Nestled up against the Georgia border, this is a different kind of Florida than you may have experienced further south. Almost alone among Florida’s major cities, Jacksonville was never primarily a tourist destination. An important point for the railroads of David Yulee and Henry Plant, it made its mark as a working town—paper mills, a port, transportation hub and later an insurance industry town. The city’s districts are defined by the St. Johns River, which runs north into the city, then makes a right turn to reach the Atlantic Ocean at Mayport. Although it has beaches—both tourist-kitschy and pristine—at its doorstep and elegant resorts, it’s not a resort town. As a visitor, you’ll find yourself surrounded by residents when you go to area attractions and restaurants. If you decide to stay cloistered inside a visitors-only resort, you can do that, too.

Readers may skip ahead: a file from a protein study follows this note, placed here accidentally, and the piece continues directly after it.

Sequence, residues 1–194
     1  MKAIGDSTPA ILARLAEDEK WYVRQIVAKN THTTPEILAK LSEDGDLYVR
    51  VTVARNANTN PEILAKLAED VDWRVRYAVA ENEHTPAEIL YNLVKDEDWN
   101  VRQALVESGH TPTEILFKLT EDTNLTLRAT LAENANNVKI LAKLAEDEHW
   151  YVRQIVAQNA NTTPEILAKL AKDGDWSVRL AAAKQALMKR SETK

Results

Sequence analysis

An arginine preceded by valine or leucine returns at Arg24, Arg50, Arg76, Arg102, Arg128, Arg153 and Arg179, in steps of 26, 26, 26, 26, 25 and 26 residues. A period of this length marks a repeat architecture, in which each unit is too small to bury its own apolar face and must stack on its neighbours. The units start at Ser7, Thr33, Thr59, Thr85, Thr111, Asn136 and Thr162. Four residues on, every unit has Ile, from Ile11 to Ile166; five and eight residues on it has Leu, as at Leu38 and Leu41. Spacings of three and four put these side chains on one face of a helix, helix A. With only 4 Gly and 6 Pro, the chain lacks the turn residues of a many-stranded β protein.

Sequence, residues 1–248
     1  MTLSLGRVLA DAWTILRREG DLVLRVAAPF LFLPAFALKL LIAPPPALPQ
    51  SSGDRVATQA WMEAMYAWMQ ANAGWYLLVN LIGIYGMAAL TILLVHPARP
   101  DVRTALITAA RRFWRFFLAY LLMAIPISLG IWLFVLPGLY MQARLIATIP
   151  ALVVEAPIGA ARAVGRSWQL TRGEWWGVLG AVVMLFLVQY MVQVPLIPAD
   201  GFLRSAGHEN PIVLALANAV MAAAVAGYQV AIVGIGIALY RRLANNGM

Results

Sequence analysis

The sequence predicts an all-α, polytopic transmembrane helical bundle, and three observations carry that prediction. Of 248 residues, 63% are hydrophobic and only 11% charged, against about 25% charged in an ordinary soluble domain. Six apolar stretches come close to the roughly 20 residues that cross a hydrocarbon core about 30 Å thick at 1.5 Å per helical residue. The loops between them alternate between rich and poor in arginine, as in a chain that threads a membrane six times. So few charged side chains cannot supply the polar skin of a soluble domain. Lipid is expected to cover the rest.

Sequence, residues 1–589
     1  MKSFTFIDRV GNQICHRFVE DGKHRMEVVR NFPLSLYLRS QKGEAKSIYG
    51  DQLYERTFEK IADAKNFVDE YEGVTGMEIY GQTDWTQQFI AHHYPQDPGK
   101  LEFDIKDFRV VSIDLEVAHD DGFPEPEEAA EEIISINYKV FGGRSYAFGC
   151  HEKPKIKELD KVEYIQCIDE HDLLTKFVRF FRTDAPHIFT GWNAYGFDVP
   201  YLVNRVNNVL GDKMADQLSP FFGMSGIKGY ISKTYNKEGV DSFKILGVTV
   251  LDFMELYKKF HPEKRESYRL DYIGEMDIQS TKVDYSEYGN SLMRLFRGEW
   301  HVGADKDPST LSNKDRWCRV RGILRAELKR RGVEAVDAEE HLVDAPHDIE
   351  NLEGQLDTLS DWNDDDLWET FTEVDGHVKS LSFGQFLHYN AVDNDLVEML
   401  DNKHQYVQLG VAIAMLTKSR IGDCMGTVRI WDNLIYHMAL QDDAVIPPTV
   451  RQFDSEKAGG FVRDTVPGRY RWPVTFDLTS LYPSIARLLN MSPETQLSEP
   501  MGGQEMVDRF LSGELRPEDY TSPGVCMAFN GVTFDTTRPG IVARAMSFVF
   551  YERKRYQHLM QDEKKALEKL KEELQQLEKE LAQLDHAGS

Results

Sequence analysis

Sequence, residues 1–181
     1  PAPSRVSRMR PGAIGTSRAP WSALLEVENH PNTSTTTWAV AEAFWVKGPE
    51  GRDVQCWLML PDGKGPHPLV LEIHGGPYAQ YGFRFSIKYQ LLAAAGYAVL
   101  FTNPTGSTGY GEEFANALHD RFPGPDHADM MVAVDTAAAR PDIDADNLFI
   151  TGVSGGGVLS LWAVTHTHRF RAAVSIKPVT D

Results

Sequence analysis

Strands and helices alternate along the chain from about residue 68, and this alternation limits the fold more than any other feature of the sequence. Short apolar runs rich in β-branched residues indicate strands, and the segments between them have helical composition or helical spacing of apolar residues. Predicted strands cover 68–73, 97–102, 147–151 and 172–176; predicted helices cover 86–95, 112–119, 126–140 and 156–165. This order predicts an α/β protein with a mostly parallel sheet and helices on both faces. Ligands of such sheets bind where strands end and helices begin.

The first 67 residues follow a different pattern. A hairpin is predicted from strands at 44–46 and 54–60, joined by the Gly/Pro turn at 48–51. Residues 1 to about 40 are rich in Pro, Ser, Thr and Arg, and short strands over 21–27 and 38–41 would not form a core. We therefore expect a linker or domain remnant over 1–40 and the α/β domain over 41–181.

1 Check into your hotel and head for the beach to decompress and get acclimated.
2 If you’re in Ponte Vedra, just hang at the hotel and eat. If you’re in one of the Jacksonville Beaches, find your way over to Roy’s for lunch.
3 After a nice siesta, head back to the beach for the rest of the afternoon. Bring some “slip on” clothes with you—khakis for the guys, sundress for girls—and head up to the Casa Marina’s Penthouse Lounge for drinks as the sun goes down.